How Alex Edelman Came to Love His Family’s Condo, “Shvach” Couch, and Everything
The welcome mat is still out. During Hurricane Sandy, 11 people slept there. (Take that literally – one of the bedrooms has bunk beds.) Mr. Edelman’s brother, AJ Edelman, who represented Israel in skeleton at the 2018 Olympics, stays from time to time, and several fellow foreign comedians hang out. are made at home while touring or vacationing in the United States.
In return, they are asked to leave a note and a tchotchke. This modest request explains the dried lavender, the candle, the rather poorly carved wooden box on the ledge of the living room, and the spinning crystal that hangs from the window and shoots tiny rainbows around the apartment when the light from the morning is good.
Mr. Edelman chooses not to share the financial details of the condo purchase, except to say that he and his two brothers own the property with their parents, and he pays most of the monthly common charges.
Furnishing the apartment is a family affair. Mr. Edelman bought the clear molded plastic chairs – Philippe Starck’s interpretation of Baroque salon seating – which ring the dining table, with a rest for his desk. He’s visibly thrilled that the Breuer Wassily chair, a favorite reading perch in his childhood home, has arrived in New York, and he’s more than a little proud of the Claes Oldenburg print he bought at the estate of his idol, Robin. Williams.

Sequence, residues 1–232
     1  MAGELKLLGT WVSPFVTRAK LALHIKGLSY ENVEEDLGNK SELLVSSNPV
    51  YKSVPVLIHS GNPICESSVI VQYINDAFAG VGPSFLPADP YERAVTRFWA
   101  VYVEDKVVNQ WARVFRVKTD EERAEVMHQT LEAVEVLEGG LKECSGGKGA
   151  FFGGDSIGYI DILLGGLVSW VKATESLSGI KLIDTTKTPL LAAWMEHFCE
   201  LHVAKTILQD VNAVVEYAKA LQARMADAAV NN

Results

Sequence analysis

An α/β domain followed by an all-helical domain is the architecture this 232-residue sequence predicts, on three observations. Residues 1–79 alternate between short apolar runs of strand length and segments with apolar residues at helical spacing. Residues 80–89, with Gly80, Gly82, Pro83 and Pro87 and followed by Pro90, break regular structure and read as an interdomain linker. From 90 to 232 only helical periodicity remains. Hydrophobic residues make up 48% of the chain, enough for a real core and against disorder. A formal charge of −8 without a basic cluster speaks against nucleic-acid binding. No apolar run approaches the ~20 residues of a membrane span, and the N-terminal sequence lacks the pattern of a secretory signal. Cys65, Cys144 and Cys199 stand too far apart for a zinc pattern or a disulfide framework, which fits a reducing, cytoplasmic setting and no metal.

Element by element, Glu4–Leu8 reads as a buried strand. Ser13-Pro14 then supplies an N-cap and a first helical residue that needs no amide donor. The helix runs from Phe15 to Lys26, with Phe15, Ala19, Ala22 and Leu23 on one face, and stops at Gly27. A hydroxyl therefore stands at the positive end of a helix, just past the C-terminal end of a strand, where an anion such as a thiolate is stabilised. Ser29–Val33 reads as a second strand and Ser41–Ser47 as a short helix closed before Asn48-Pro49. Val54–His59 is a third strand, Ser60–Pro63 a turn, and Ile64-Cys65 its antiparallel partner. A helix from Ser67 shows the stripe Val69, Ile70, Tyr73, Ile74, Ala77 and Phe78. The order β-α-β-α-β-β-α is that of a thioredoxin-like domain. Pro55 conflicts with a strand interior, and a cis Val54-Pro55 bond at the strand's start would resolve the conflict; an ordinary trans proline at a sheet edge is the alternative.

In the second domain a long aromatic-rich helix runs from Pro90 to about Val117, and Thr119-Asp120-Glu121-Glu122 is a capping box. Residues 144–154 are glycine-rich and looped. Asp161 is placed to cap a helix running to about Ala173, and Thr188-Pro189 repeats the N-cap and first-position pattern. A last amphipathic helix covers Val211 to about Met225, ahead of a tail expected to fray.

“It was the first piece of art I ever bought,” Mr. Edelman said. “I love this little print. It’s really beautiful.
He can’t get as excited about the toast-colored tweed sectional chair and matching side chair – both provided by his parents. “It’s not exactly world-class furniture. It’s kind of a shvach,” he said, using the Yiddish word for weak or disappointing. “We’re due for a refurbishment.”
The condo itself grew on Mr Edelman, who began spending a lot of time in Britain shortly after moving in – he won the ‘Best Newcomer’ comedy award at the Edinburgh Fringe Festival 2014, an award that put a gust of wind in its sails. “Back then, the house was like a blue suitcase,” he said.